ripley at stats.ox.ac.uk
Wed Jun 5 16:24:22 CEST 2002
On Wed, 5 Jun 2002, Roger Koenker wrote:
> I've been writing some matrix-type methods for a new class of sparse matrices
> and for most methods this has been straightforward. However, there are
> examples, like %*% and chol, that (apparently) R doesn't automatically
> recognize as generic. What to do in these cases? At this point, I've
> been writing new generic methods with slightly perturbed names %m% and
> cholesky for example in the expectation that I'll eventually rename them
> when I discover the source of my confusion. Can someone enlighten me?
chol() is not generic, as you can see from the definition. It is easy for
a package to define a generic and to capture from base the original as the
default method. E.g.
chol <- function(x, ...) UseMethod("chol")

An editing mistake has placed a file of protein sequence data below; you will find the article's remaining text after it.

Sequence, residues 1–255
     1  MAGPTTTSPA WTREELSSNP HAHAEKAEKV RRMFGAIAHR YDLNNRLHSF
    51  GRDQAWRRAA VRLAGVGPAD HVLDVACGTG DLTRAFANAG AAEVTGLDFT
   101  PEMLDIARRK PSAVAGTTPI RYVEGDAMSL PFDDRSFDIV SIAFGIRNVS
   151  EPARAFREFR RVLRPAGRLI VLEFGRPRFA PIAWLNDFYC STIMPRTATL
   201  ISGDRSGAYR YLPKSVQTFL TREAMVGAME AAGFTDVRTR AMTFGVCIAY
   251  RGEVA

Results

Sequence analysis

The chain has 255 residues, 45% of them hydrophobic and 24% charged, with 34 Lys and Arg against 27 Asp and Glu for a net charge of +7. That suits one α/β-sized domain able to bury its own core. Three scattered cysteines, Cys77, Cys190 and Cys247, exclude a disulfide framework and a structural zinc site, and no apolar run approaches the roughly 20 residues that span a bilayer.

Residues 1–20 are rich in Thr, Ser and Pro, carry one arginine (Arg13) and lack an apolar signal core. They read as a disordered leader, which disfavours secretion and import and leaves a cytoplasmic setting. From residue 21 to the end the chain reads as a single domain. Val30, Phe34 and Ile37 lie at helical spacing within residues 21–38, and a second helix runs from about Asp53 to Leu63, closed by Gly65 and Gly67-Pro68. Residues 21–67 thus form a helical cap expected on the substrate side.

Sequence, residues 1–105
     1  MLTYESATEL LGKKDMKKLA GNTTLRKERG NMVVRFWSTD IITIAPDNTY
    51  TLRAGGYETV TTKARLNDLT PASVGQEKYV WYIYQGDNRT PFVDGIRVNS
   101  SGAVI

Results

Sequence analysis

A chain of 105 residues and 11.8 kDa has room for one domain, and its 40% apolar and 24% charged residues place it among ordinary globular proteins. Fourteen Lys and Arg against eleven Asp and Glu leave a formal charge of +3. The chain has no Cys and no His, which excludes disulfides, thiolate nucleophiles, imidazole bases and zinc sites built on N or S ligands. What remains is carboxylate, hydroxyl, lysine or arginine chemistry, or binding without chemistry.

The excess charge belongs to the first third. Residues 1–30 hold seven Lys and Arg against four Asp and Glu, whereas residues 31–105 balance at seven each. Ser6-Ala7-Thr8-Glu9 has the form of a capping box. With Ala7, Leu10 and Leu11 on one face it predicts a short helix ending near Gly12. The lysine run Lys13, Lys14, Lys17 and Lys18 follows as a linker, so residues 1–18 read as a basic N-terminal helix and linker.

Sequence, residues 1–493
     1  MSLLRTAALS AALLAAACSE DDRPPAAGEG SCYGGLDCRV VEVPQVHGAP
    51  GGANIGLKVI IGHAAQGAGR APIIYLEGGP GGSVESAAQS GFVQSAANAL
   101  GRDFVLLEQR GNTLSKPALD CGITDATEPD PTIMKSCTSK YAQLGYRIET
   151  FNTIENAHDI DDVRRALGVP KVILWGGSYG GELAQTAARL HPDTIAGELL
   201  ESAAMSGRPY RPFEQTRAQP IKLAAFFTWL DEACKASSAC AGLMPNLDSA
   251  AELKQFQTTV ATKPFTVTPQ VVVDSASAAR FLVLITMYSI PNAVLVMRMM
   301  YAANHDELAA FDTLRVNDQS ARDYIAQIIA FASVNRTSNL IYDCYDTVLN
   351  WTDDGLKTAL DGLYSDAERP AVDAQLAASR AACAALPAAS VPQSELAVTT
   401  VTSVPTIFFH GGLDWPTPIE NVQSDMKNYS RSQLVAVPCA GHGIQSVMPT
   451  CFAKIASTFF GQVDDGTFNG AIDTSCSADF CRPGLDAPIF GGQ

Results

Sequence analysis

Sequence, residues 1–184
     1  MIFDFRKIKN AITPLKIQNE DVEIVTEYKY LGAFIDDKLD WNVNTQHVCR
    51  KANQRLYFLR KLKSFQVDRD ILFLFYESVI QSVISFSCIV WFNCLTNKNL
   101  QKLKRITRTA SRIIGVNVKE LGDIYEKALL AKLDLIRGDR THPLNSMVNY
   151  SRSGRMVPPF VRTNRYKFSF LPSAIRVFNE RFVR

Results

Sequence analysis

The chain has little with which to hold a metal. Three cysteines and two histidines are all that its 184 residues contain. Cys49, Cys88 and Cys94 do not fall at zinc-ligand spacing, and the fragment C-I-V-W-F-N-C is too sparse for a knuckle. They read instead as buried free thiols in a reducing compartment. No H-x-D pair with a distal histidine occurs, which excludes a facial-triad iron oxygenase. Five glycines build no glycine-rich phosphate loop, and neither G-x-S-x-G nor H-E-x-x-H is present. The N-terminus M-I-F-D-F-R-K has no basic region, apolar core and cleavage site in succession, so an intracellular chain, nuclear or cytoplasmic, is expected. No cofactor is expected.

chol.default <- get("chol", pos=length(search()))
(There are other ways to specify base, e.g. envir=NULL, but I am not sure
what will still work come namespaces and 1.6.0.)
%*% is a primitive, and so harder to tell if it is generic. It isn't
> "%*%.foo" <- function(e1, e2) stop("using foo")
> a <- structure(1, class="foo")
> a %*% a
so you need
"%*%.default" <- .Primitive("%*%")
"%*%" <- function(e1, e2) UseMethod("%*%")
Now, other functions in base in R-devel (1.6.0 to be) are sealed and so
will use the original definitions. That may or may not be what you want.
You can always ask R-core to make functions generic and we usually agree.
All of this is in terms of S3 methods, not the formal methods of package
`methods'. Another way is to use formal methods and assign a method, when
most of this is automatic: see the Green Book.
Brian D. Ripley, ripley at stats.ox.ac.uk
Professor of Applied Statistics, http://www.stats.ox.ac.uk/~ripley/
University of Oxford, Tel: +44 1865 272861 (self)
1 South Parks Road, +44 1865 272860 (secr)
Oxford OX1 3TG, UK Fax: +44 1865 272595
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